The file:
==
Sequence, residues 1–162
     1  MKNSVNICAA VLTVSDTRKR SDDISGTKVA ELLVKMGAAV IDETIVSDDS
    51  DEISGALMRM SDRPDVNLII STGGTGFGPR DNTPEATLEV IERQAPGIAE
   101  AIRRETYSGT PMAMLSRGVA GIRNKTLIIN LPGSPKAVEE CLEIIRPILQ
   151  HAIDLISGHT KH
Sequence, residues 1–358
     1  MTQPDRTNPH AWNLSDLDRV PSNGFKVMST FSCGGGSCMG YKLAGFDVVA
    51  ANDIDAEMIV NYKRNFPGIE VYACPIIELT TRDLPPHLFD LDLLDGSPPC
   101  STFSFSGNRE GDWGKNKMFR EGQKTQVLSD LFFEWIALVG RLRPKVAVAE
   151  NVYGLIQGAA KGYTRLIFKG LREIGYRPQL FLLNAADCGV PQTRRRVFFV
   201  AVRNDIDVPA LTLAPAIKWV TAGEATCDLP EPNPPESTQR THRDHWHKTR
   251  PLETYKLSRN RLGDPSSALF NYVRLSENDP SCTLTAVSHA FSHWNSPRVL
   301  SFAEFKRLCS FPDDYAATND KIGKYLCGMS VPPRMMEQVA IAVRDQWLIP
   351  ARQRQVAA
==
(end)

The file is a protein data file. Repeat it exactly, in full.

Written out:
Sequence, residues 1–162
     1  MKNSVNICAA VLTVSDTRKR SDDISGTKVA ELLVKMGAAV IDETIVSDDS
    51  DEISGALMRM SDRPDVNLII STGGTGFGPR DNTPEATLEV IERQAPGIAE
   101  AIRRETYSGT PMAMLSRGVA GIRNKTLIIN LPGSPKAVEE CLEIIRPILQ
   151  HAIDLISGHT KH
Sequence, residues 1–358
     1  MTQPDRTNPH AWNLSDLDRV PSNGFKVMST FSCGGGSCMG YKLAGFDVVA
    51  ANDIDAEMIV NYKRNFPGIE VYACPIIELT TRDLPPHLFD LDLLDGSPPC
   101  STFSFSGNRE GDWGKNKMFR EGQKTQVLSD LFFEWIALVG RLRPKVAVAE
   151  NVYGLIQGAA KGYTRLIFKG LREIGYRPQL FLLNAADCGV PQTRRRVFFV
   201  AVRNDIDVPA LTLAPAIKWV TAGEATCDLP EPNPPESTQR THRDHWHKTR
   251  PLETYKLSRN RLGDPSSALF NYVRLSENDP SCTLTAVSHA FSHWNSPRVL
   301  SFAEFKRLCS FPDDYAATND KIGKYLCGMS VPPRMMEQVA IAVRDQWLIP
   351  ARQRQVAA